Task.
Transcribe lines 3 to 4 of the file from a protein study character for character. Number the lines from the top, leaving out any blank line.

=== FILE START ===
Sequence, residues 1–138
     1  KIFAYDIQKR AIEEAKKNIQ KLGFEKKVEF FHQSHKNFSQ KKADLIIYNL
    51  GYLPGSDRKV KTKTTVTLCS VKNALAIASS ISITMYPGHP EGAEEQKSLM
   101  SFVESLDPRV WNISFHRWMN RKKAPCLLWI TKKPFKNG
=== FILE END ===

    51  GYLPGSDRKV KTKTTVTLCS VKNALAIASS ISITMYPGHP EGAEEQKSLM
   101  SFVESLDPRV WNISFHRWMN RKKAPCLLWI TKKPFKNG